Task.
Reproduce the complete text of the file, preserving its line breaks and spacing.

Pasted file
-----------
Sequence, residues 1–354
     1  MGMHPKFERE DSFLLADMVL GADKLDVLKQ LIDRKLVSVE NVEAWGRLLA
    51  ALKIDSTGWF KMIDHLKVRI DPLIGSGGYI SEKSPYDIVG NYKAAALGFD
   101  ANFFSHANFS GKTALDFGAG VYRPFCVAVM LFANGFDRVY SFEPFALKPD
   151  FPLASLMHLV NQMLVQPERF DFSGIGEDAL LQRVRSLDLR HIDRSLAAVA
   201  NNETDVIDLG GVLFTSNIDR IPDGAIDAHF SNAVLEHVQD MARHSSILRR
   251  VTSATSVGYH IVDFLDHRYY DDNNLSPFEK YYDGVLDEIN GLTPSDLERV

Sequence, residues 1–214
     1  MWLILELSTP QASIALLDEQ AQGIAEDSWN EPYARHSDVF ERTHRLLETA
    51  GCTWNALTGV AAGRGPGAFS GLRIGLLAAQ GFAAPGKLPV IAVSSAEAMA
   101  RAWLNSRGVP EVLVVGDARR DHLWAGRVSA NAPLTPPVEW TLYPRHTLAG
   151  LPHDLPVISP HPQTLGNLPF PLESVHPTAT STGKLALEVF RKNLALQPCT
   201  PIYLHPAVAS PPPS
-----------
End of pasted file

Sequence, residues 1–354
     1  MGMHPKFERE DSFLLADMVL GADKLDVLKQ LIDRKLVSVE NVEAWGRLLA
    51  ALKIDSTGWF KMIDHLKVRI DPLIGSGGYI SEKSPYDIVG NYKAAALGFD
   101  ANFFSHANFS GKTALDFGAG VYRPFCVAVM LFANGFDRVY SFEPFALKPD
   151  FPLASLMHLV NQMLVQPERF DFSGIGEDAL LQRVRSLDLR HIDRSLAAVA
   201  NNETDVIDLG GVLFTSNIDR IPDGAIDAHF SNAVLEHVQD MARHSSILRR
   251  VTSATSVGYH IVDFLDHRYY DDNNLSPFEK YYDGVLDEIN GLTPSDLERV

Sequence, residues 1–214
     1  MWLILELSTP QASIALLDEQ AQGIAEDSWN EPYARHSDVF ERTHRLLETA
    51  GCTWNALTGV AAGRGPGAFS GLRIGLLAAQ GFAAPGKLPV IAVSSAEAMA
   101  RAWLNSRGVP EVLVVGDARR DHLWAGRVSA NAPLTPPVEW TLYPRHTLAG
   151  LPHDLPVISP HPQTLGNLPF PLESVHPTAT STGKLALEVF RKNLALQPCT
   201  PIYLHPAVAS PPPS